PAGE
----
he gruesome workplace death of an apprentice could have been averted had a host employer spent as little as $15,000 on retrofitting a "deplorably" unsafe machine, the South Australian Coroner has found.
Coroner Mark Johns also slammed SafeWork SA's sluggish response to the incident, and described it as a "matter of public concern" that the cost of acquiring new safe equipment often far outweighed the likely penalty in an OHS prosecution.
In June 2004 the 18-year-old apprentice toolmaker was operating a horizontal borer when his clothing became entangled in the machine's rotating spindle, causing him to be spun around so violently that his feet were amputated when they struck non-moving parts.
He also suffered multiple bilateral fractures of the ribs, as well as significant bruising to the lungs, liver, spleen and heart, and died from respiratory failure.
The worker was employed by the Engineering Employers Association Group Training Scheme (EEAGTS), now known as the Australian Industry Group Training Scheme, and had been placed at Diemould Tooling Services Pty Ltd for nearly a year when the incident occurred.
Both companies were charged with and pleaded guilty to breaches of the State OHS Act, and in 2006 EEAGTS was fined $60,000.
But Diemould argued that the charges laid against it were duplicitous, and unsuccessfully fought the issue all the way to the High Court. It was eventually fined $72,000 in June 2009.
Machine inexplicably unsafe
The Coroner, who was unable to hold an inquest until the prosecution of Diemould was completed, found that at the time of the incident the horizontal boring machine had been in a "deplorably unsafe" condition for years.
He found the machine - which was manufactured in the USSR in the 1960s and was poorly maintained - had no guarding or other devices to prevent contact with moving parts, and that operators were required to stand within about 30cm of the machine to spray its rotating cutting device with coolant. (Modern borers have an automatic lubrication system.)
The only safety device on the machine was an emergency stop button, but this was inaccessible to anyone caught by the spindle, and there were no emergency brakes, the Coroner found.
"It is inexplicable in an age in which occupational health, welfare and safety is so much a part of the modern workplace, that a workplace could have existed so recently as 2004 with a machine that was so obviously unsafe," he said, adding that the borer could have been fitted with guarding and emergency brakes for about $15,000.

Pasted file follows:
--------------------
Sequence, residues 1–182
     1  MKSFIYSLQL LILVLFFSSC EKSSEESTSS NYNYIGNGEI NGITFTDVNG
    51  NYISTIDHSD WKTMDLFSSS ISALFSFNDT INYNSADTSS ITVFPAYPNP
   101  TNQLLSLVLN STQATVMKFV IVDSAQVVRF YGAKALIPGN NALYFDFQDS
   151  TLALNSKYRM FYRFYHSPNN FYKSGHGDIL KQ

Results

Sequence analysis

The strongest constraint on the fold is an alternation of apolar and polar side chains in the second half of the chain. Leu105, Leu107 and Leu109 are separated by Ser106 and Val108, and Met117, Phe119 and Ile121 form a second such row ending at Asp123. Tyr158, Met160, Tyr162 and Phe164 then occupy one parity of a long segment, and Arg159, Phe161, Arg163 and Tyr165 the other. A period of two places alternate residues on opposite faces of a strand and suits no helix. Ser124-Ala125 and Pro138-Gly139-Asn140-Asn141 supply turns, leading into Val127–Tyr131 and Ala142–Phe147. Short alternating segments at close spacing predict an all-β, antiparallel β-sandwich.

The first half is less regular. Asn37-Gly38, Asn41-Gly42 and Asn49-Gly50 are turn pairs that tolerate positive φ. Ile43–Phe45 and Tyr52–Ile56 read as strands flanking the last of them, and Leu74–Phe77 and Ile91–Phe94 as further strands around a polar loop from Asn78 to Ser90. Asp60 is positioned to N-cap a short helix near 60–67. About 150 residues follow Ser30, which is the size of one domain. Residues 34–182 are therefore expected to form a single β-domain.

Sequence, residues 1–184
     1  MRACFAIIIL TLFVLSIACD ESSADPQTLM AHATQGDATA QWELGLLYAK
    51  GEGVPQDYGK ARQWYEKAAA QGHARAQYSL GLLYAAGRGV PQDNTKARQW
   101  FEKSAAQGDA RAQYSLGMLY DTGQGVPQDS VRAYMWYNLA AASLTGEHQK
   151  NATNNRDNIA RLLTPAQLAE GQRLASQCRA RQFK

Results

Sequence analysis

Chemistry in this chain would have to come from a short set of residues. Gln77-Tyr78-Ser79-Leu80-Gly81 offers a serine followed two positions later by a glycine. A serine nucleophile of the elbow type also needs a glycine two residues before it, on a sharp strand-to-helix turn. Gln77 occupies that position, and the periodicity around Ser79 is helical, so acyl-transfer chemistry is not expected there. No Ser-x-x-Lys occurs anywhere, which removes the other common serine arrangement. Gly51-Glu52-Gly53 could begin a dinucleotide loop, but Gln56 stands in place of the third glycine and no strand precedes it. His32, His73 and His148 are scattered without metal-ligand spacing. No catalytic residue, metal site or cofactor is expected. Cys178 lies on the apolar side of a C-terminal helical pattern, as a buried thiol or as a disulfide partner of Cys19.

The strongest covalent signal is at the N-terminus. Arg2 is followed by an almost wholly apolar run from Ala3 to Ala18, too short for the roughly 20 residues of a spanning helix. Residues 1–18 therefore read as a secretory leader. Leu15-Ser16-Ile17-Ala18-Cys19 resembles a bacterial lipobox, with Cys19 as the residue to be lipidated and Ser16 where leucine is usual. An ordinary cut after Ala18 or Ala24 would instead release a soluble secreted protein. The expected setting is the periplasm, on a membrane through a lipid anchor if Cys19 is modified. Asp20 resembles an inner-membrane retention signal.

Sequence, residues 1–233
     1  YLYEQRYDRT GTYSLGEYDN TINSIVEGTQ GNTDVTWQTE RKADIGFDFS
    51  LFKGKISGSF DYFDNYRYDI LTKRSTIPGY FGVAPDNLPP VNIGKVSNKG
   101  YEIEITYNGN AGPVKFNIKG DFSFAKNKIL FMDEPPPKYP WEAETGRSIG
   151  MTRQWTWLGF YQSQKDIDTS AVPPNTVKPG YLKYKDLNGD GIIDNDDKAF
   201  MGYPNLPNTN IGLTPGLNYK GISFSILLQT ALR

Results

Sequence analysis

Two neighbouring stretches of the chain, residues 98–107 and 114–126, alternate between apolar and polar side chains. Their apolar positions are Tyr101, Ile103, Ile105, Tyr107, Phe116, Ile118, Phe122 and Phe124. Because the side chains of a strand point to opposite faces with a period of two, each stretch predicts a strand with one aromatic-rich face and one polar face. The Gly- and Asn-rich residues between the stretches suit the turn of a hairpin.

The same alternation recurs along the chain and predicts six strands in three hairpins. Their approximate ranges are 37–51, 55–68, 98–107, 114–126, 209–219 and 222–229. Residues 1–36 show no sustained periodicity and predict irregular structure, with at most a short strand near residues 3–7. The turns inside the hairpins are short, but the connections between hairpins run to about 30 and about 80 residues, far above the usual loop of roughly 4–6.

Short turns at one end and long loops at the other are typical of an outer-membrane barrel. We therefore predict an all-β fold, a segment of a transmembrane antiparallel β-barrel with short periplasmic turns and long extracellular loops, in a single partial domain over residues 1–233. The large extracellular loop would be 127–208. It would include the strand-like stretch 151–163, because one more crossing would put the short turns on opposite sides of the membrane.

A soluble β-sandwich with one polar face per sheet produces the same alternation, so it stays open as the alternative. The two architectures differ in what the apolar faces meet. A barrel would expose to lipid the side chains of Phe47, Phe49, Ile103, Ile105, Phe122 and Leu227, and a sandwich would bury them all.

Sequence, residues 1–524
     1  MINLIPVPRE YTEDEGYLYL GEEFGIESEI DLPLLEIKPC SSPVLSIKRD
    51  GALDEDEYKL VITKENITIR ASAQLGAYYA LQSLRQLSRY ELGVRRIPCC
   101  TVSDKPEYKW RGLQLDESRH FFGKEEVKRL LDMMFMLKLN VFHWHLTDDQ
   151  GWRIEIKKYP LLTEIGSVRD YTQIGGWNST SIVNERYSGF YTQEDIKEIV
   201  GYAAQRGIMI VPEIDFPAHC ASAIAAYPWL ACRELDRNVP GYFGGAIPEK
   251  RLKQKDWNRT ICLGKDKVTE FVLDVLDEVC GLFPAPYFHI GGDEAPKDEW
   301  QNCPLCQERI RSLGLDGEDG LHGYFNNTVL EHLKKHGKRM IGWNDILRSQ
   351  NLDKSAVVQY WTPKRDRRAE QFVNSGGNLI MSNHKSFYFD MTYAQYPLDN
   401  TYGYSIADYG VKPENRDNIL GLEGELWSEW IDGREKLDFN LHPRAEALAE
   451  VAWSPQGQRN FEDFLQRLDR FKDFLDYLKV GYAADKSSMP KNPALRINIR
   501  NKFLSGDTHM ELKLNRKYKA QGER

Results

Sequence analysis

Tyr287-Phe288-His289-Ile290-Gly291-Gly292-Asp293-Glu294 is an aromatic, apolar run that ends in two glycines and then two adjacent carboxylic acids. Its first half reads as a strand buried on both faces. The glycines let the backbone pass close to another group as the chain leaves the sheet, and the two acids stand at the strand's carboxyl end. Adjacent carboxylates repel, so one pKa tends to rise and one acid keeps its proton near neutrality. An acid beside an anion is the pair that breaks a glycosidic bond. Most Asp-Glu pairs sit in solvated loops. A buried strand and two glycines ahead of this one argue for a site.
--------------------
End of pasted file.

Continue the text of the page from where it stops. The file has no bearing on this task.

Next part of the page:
"[The worker's] tragic death was entirely preventable."
Coroner questions penalty regime
The Coroner noted that shortly after the incident Diemould replaced the old borer with a modern machine, equipped with interlock devices, at a cost of $230,000.
This not only provided further evidence that the death was preventable, he said, but raised concerns about the penalty regime.
"I do not suggest that an economic decision was ever made by Diemould that it would be cheaper to pay a fine in a prosecution... than invest in a new horizontal boring machine, the cost of which would be 230 per cent higher than the maximum penalty available," he said.
"However, it might be considered a matter of public concern that in an operation such as Diemould's, the cost of acquiring safe plant and equipment far outweighs the likely penalty in a criminal prosecution."
SafeWork slammed for tardy response
The Coroner was particularly critical of SafeWork SA's response to the incident.
The regulator, he said, did not commence a compliance project to identify the number of horizontal and vertical borers at other South Australian workplaces until May 2010.
"I certainly would have thought that such a 'strategic intervention' would have been taken very soon after [the] death."
The Coroner said that SafeWork had implied in a letter to the inquest that the primary responsibility for ensuring the safety of borers rested with the owners of the machines or the employers that used them, rather than the regulator.
"This may be technically true, but it seems to me that it does not absolve SafeWork SA from an obligation to fully utilise the powers available to it," he said.
"In my opinion, the system of leaving industrial safety compliance to employers and then simply prosecuting them once an employee is fatally injured, is inadequate and insufficient.
"A rigorous system of inspection and a full use of the range of improvement notices and prohibition notices would be a far more effective way of preventing accidents such as [the apprentice's]."
The Coroner noted that within four months of commencing the 2010 compliance project, SafeWork SA had issued three prohibition notices and five improvement notices in seven workplace visits.
"This is an indication that the process of inspection was bearing fruit, and the preventative aspect of SafeWork SA's function was being deployed," he said.